To study intertemporal choices, researchers typically instruct subjects to choose between smaller and sooner (SS) and larger and later (LL) rewards (e.g., gaining CNY 210 in a week vs. gaining CNY 250 in five weeks). People generally tend to discount steeply and prefer SS to LL rewards in such situations. Jiang, Hu and Zhu (2014) recently showed that adding upfront losses or gains to both SS and LL rewards can reduce people’s discounting, and they provided several possible accounts for this effect, including the salience account and the time scale hypothesis. In the current paper, based on the upfront money effect found in Jiang et al. (2014), we further showed that the effect of discounting decreasing could be extended to adding dated-money between SS and LL rewards and after LL rewards. The results helped us exclude both the time scale hypothesis and another possible explanation: preference for improvement. We hypothesized that all the current findings (recorded in this paper and in Jiang et al.) could be accommodated well using the salience account.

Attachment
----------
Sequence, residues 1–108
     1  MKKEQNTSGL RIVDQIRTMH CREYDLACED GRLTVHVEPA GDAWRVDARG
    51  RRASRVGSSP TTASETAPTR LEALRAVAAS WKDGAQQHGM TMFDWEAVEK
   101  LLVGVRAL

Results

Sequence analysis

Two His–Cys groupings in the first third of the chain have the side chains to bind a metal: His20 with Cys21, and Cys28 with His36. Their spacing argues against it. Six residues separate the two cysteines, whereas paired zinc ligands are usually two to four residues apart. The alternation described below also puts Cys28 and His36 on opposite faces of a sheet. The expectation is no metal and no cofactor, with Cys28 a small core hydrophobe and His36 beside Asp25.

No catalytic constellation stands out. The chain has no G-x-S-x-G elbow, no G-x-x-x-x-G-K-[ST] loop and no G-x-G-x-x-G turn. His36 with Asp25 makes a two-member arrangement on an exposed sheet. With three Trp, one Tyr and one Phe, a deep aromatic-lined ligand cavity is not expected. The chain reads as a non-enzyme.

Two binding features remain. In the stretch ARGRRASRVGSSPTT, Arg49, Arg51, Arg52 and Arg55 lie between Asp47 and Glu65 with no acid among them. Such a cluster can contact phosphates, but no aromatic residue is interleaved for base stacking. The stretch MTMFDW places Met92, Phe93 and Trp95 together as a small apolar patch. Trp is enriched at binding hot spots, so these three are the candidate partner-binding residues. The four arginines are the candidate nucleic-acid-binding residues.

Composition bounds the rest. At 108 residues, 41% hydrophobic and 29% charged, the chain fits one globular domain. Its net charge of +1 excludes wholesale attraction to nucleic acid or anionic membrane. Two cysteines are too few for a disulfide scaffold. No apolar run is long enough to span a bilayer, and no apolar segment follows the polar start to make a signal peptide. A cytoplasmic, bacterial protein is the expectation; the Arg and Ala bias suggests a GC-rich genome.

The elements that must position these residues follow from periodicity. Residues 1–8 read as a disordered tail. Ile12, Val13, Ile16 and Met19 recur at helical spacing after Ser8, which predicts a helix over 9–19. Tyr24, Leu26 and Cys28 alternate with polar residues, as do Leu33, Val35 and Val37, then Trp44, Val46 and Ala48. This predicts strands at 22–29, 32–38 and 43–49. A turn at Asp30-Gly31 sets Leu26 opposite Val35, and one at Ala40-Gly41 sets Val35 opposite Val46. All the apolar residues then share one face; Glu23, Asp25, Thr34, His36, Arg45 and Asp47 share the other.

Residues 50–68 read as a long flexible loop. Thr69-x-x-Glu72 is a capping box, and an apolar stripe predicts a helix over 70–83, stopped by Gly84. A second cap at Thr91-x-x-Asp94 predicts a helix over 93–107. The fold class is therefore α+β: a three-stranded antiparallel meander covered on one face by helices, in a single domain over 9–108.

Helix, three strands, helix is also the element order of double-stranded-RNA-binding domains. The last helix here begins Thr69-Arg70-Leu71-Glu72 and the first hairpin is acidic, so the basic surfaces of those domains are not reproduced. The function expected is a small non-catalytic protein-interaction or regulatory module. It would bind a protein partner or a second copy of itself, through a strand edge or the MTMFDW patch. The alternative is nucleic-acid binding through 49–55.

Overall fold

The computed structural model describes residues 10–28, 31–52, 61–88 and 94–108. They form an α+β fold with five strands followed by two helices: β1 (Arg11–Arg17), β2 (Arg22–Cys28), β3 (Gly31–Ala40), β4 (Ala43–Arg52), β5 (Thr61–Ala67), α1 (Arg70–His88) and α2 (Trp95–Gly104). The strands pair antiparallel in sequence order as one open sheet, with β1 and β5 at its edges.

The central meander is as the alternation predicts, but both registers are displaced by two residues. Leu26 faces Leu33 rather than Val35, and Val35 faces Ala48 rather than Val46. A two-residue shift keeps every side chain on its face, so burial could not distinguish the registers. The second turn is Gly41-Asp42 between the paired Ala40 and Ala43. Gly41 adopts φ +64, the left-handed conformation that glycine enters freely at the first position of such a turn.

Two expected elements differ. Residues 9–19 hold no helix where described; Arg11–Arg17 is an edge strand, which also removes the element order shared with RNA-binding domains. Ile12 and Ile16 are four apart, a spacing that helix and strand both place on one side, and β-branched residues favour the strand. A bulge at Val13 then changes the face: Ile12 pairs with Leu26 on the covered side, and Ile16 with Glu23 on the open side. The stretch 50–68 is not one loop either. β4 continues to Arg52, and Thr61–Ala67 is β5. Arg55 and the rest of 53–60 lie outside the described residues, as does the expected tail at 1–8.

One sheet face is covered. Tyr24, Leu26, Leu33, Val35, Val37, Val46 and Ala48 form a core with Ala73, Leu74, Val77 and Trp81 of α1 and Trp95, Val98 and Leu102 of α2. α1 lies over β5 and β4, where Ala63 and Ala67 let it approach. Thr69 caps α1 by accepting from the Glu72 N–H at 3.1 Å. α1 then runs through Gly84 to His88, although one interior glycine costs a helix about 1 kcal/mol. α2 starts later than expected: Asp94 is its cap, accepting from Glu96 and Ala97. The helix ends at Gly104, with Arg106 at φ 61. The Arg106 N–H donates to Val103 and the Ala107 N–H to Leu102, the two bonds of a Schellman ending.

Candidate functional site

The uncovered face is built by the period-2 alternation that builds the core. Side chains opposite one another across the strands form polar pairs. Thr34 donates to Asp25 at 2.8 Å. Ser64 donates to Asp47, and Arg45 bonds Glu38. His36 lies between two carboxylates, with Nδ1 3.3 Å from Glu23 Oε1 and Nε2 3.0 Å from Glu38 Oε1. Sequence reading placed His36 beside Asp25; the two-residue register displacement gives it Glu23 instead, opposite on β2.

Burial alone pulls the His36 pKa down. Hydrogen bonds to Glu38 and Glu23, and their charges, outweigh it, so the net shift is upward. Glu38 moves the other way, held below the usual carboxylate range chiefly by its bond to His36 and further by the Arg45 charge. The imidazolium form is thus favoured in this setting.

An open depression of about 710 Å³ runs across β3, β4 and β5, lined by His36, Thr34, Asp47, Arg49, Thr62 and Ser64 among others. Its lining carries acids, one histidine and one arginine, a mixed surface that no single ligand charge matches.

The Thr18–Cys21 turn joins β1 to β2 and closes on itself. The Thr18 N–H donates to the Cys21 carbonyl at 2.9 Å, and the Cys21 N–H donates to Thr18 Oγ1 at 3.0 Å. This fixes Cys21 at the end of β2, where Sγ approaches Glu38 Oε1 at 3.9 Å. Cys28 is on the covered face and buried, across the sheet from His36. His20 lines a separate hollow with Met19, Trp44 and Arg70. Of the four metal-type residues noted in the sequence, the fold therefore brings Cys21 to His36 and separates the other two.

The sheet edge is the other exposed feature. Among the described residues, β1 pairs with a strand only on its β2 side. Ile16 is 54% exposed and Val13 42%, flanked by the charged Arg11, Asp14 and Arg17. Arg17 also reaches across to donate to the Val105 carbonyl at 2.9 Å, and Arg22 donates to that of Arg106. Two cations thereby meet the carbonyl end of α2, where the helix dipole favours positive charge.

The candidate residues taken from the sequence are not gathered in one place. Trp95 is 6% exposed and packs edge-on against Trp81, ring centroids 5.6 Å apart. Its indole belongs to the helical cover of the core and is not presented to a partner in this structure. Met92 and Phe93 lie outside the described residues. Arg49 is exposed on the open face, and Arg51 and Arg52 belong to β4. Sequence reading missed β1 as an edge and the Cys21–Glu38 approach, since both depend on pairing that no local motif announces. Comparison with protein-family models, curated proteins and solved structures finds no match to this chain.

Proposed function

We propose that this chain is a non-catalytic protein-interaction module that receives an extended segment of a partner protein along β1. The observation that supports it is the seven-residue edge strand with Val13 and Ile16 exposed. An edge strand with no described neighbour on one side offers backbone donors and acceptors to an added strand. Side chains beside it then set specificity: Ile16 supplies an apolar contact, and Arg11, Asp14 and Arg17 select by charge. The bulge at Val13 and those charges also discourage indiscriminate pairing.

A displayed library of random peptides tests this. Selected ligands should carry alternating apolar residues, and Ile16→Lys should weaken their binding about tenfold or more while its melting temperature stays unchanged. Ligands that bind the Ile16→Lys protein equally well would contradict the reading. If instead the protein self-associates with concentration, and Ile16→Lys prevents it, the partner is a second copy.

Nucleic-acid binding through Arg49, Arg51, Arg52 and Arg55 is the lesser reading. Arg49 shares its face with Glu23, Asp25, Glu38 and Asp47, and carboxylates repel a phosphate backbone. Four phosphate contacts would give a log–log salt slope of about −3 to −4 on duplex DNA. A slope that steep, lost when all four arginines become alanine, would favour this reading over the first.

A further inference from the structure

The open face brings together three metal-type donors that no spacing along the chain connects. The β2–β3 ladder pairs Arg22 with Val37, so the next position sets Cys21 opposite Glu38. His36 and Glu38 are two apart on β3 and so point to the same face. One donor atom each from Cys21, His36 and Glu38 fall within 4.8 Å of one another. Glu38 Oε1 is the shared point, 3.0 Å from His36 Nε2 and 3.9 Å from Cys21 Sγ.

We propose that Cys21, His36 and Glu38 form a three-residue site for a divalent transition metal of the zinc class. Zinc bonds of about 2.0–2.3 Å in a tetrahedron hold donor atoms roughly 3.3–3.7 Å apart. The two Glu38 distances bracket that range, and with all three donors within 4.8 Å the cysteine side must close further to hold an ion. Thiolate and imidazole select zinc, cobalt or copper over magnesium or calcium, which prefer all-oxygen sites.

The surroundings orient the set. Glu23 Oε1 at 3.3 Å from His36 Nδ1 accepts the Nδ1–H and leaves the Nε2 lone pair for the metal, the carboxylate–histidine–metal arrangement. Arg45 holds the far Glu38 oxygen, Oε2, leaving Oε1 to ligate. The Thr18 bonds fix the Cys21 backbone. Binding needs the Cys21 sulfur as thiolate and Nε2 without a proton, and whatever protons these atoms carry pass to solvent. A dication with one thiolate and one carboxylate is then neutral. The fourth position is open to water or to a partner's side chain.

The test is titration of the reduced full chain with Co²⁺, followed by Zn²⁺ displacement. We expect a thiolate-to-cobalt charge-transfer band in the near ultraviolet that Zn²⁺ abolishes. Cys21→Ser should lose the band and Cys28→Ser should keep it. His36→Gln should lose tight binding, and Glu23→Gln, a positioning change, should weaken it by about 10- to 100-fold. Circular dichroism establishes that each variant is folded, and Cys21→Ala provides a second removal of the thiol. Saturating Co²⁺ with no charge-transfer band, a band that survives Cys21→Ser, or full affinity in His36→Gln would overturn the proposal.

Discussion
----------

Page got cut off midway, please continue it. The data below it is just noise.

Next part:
To assess the role of dietary creatine on myofibre characteristics and protein synthesis in muscle, we fed grass carp (Ctenopharyngodon idellus, initial body weight: 88·47 ± 1·44 g) creatine-supplemented diets (1·84, 5·91, 8·48 and 15·44 g/kg diet) for 8 weeks. Creatine supplementation did not affect growth performance, but significantly increased creatine contents in muscle and liver. At 8·48 g/kg, creatine decreased the activities of alanine transaminase and aspartate aminotransferase in serum and improved hardness and chewiness of muscle due to shorter myofibre mean diameter, higher myofibre density and the frequencies of the diameters of classes I and III and collagen content, longer sarcomere length and upregulated mRNA levels of slow myosin heavy chains. Creatine supplementation upregulated the mRNA expressions of myogenic regulatory factors. The 8·48 g/kg creatine-supplemented diet significantly increased the contents of protein, total amino acids (AA), essential AA and free flavour AAs in muscle, the protein levels of insulin-like growth factor I, myogenic differentiation antigen and PPAR-γ coactlvator-1α in muscle and stimulated the phosphorylation of target of rapamycin (TOR) pathway in muscle. In summary, 8·48 mg/kg creatine improved fish health and skeletal muscle growth and increased hardness and protein synthesis in muscle of grass carp by affecting myofibre characteristics and the TOR signalling pathway. A second-order regression model revealed that the optimal dietary creatine supplementation of grass carp ranges between 8·48 and 12·04 g/kg.